We designed a color-coded scheme to label all items red, yellow, or green on the basis of the United States Department of Agriculture’s 2005 My Pyramid healthy eating recommendations.24 The Massachusetts General Hospital staff nutritionists developed the food rating system inthis study. We rated packaged items on the basis of the nutrition information provided on the product label. We rated food prepared in the cafeteria on the basis of the individual ingredients for each of the recipes. We calculated the fat and calorie contents for the average portion size served to each individual. Before beginning the study, all the cafeteria cooks and servers were required to participate in an in-service seminar to reinforce the importance of consistency in measuring recipe ingredients and serving specified portion sizes to customers.
We categorized all food and beverages into 4 groups (food entree, food item, food condiment, or beverage) and rated them on 3 positive and 2 negative criteria. The 3 possible positive criteria for a food or beverage were (1) being a fruit or vegetable, (2) being a whole grain, or (3) having lean protein or low-fat dairy as the main component (defined as 1 of the first 3 ingredients by weight) of the item. Negative criteria were related to the saturated fat and caloric content of a food or beverage assuming a 2000-calorie per day diet with less than 10% of calories from saturated fat. We set an upper limit of 5 grams of saturated fat per food entree and 2 grams of saturated fat per food item, condiment, or beverage to account for 3 meals per day (each with ≤ 5 g of saturated fat) plus 5 grams of saturated fat for discretionary calories in snacks. For calories, we assumed 3 meals per day at 500 calories each and 500 discretionary calories. Therefore, the 2 possible negative criteria for a food or beverage were a (1) saturated fat content of 5 or more grams per entree or 2 or more grams per item, condiment, or beverage; and (2) caloric content of 500 or more kilocalories per entree, 200 or more kilocalories per item, or 100 or more kilocalories per condiment or beverage. For beverages, we considered each additional 100 kilocalories an additional negative criterion.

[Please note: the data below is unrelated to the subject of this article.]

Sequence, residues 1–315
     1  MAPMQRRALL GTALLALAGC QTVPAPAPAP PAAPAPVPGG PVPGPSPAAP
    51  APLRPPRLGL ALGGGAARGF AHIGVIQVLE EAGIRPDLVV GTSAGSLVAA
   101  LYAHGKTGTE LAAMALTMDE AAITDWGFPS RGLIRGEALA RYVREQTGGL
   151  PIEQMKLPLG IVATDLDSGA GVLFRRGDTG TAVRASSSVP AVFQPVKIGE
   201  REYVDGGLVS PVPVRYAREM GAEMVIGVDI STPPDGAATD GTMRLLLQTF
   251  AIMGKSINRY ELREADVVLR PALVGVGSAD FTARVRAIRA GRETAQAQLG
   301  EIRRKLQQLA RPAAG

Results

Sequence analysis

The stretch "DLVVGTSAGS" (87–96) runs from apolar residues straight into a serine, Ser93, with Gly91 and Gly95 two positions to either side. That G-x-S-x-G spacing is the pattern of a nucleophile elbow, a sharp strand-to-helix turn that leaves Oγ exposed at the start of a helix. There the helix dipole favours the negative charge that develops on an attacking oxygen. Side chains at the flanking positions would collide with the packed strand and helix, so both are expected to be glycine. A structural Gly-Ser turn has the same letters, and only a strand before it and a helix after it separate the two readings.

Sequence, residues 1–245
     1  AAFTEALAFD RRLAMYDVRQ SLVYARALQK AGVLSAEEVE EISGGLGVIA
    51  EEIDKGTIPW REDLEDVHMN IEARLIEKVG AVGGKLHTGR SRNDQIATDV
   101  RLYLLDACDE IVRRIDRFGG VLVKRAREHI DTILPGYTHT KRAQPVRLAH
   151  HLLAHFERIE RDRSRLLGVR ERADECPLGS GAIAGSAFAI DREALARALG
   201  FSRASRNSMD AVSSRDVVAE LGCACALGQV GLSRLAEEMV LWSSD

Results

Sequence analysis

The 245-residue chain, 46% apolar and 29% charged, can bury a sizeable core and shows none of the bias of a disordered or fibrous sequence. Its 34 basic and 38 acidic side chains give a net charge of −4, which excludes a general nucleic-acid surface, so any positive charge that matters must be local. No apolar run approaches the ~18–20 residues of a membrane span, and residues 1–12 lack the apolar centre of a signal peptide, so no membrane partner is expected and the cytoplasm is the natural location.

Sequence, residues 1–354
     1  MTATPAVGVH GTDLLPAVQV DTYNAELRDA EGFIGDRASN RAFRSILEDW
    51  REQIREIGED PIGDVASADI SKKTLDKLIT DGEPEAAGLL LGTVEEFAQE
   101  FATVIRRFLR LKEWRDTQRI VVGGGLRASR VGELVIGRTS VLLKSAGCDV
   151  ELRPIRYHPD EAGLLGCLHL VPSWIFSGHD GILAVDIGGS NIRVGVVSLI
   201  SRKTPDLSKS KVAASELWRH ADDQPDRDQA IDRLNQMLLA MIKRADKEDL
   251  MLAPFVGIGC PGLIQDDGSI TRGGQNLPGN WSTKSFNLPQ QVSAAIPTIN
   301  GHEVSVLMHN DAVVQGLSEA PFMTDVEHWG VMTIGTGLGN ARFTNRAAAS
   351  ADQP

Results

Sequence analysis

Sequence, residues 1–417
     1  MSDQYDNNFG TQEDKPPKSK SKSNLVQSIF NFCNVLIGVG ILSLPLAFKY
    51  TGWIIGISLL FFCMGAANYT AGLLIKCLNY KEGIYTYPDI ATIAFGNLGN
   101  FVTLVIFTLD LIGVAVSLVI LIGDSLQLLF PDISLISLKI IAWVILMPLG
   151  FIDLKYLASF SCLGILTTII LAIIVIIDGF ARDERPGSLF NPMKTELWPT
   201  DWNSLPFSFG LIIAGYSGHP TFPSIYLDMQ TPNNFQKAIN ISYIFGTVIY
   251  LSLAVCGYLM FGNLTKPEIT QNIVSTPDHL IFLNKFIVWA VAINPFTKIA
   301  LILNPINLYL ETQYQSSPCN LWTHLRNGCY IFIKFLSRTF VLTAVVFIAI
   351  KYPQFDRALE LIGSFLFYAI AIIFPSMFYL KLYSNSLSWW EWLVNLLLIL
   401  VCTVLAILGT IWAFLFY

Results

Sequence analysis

We categorized food and beverages that had more positive criteria than negative criteria as green. We categorized food and beverages that had positive criteria equal to negative criteria or that possessed only 1 negative criterion as yellow. We categorized food and beverages that had 2 negative criteria and no positive criteria as red. We rated items with no positive or negative criteria as yellow, except for diet beverages with zero calories, which we rated green. Red beverages included sugar-sweetened beverages with 200 or more kilocalories per container and whole milk dairy products with 100 or more kilocalories and 5 or more grams of saturated fat per container. Yellow beverages included sugar-sweetened beverages with less than 200 kilocalories per container. Fountain soda was not available in the cafeteria during the study, and therefore all cold beverages were sold in prepackaged cans, cartons, or bottles.
The labeling intervention began in March 2010. During 1 weekend, all food and beverages were labeled red, yellow, or green on the menu board located either directly over the individual food station, directly over the shelf where the food was located, or directly on the packaging. The labeling intervention was advertised as the Massachusetts General Hospital Choose Well, Eat Well program, and themessage to cafeteria patrons focused on making a better choice. We posted new signage to describe the labeling on a wall in the cafeteria as well as on 2 large columns in the middle of the cafeteria. This signage highlighted that green meant “consume often,” yellow meant “consume less often,” and red meant “there is a better choice in green or yellow.” Rather than tell patrons to stop for red items, we used a positive yet clear message to redirect patrons toward a better choice. During the first 2 weeks, a dietician was available in the cafeteria to answer questions about the labels. Throughout both phases 1 and 2, we supplied the cafeteria with pocket-sized pamphlets containing information about the labeling as well as the specific amount of calories and fat in all items.
In June 2010, we began the choice architecture intervention. We made the changes for this phase over a weekend and did not advertise them. The main target items for phase 2 were cold beverages, premade sandwiches, and chips. We chose cold beverages because they represented a large portion of cafeteria sales (20% of overall sales), and we hypothesized that location and convenience would influence beverage purchases. We also hypothesized that location and convenience would influence the sales of chips and premade sandwiches because cafeteria patrons who do not have a lot of time to spend in the cafeteria are likely to purchase these items.